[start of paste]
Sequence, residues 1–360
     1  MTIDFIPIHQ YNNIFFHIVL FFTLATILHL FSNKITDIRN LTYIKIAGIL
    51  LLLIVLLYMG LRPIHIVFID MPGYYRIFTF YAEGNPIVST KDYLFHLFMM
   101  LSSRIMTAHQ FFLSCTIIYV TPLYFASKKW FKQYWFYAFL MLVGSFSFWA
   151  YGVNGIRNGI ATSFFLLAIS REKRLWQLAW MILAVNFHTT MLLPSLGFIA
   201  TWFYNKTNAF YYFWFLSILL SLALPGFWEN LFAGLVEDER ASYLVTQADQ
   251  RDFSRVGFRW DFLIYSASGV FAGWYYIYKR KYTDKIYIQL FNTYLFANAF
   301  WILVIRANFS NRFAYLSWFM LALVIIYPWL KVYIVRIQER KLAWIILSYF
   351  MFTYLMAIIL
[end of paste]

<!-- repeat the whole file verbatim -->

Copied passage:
Sequence, residues 1–360
     1  MTIDFIPIHQ YNNIFFHIVL FFTLATILHL FSNKITDIRN LTYIKIAGIL
    51  LLLIVLLYMG LRPIHIVFID MPGYYRIFTF YAEGNPIVST KDYLFHLFMM
   101  LSSRIMTAHQ FFLSCTIIYV TPLYFASKKW FKQYWFYAFL MLVGSFSFWA
   151  YGVNGIRNGI ATSFFLLAIS REKRLWQLAW MILAVNFHTT MLLPSLGFIA
   201  TWFYNKTNAF YYFWFLSILL SLALPGFWEN LFAGLVEDER ASYLVTQADQ
   251  RDFSRVGFRW DFLIYSASGV FAGWYYIYKR KYTDKIYIQL FNTYLFANAF
   301  WILVIRANFS NRFAYLSWFM LALVIIYPWL KVYIVRIQER KLAWIILSYF
   351  MFTYLMAIIL